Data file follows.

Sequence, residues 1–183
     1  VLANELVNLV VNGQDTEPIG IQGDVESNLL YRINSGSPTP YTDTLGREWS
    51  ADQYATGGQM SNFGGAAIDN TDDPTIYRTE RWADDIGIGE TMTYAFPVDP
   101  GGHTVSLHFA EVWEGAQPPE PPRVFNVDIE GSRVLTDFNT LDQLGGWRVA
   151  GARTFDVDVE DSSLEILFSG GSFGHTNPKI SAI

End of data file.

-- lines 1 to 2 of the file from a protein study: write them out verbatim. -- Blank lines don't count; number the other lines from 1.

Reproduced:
Sequence, residues 1–183
     1  VLANELVNLV VNGQDTEPIG IQGDVESNLL YRINSGSPTP YTDTLGREWS